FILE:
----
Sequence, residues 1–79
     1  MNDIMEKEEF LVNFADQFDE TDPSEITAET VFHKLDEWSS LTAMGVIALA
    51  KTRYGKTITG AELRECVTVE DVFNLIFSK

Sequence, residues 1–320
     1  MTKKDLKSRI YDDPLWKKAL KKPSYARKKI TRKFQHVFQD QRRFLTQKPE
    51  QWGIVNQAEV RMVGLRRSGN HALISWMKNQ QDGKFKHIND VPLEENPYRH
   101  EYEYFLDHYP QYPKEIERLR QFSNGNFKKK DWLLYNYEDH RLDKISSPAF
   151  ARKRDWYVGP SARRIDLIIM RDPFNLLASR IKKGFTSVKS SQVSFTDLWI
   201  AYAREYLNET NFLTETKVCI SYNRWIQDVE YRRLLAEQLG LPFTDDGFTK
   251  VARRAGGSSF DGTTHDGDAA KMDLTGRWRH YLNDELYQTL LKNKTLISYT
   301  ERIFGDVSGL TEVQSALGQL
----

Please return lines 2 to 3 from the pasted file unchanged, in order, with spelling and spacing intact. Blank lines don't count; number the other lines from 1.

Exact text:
     1  MNDIMEKEEF LVNFADQFDE TDPSEITAET VFHKLDEWSS LTAMGVIALA
    51  KTRYGKTITG AELRECVTVE DVFNLIFSK